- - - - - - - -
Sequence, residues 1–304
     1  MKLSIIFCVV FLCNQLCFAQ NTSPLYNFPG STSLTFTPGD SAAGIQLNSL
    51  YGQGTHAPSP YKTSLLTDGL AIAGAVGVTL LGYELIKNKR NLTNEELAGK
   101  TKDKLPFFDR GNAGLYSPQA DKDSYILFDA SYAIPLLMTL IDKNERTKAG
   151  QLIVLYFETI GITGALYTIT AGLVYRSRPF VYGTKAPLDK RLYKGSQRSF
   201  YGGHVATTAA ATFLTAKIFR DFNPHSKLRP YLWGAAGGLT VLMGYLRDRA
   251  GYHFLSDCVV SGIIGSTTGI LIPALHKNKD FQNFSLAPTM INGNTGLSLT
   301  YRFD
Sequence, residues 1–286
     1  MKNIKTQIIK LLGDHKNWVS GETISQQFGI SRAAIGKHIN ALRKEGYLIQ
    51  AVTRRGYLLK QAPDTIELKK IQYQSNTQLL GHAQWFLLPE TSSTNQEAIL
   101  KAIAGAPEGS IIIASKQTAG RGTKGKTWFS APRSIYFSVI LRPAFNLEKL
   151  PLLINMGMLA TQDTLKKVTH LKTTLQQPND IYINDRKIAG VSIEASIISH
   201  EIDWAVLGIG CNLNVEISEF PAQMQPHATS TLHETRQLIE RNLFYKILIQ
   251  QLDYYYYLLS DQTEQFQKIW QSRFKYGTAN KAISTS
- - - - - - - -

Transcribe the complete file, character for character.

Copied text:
Sequence, residues 1–304
     1  MKLSIIFCVV FLCNQLCFAQ NTSPLYNFPG STSLTFTPGD SAAGIQLNSL
    51  YGQGTHAPSP YKTSLLTDGL AIAGAVGVTL LGYELIKNKR NLTNEELAGK
   101  TKDKLPFFDR GNAGLYSPQA DKDSYILFDA SYAIPLLMTL IDKNERTKAG
   151  QLIVLYFETI GITGALYTIT AGLVYRSRPF VYGTKAPLDK RLYKGSQRSF
   201  YGGHVATTAA ATFLTAKIFR DFNPHSKLRP YLWGAAGGLT VLMGYLRDRA
   251  GYHFLSDCVV SGIIGSTTGI LIPALHKNKD FQNFSLAPTM INGNTGLSLT
   301  YRFD
Sequence, residues 1–286
     1  MKNIKTQIIK LLGDHKNWVS GETISQQFGI SRAAIGKHIN ALRKEGYLIQ
    51  AVTRRGYLLK QAPDTIELKK IQYQSNTQLL GHAQWFLLPE TSSTNQEAIL
   101  KAIAGAPEGS IIIASKQTAG RGTKGKTWFS APRSIYFSVI LRPAFNLEKL
   151  PLLINMGMLA TQDTLKKVTH LKTTLQQPND IYINDRKIAG VSIEASIISH
   201  EIDWAVLGIG CNLNVEISEF PAQMQPHATS TLHETRQLIE RNLFYKILIQ
   251  QLDYYYYLLS DQTEQFQKIW QSRFKYGTAN KAISTS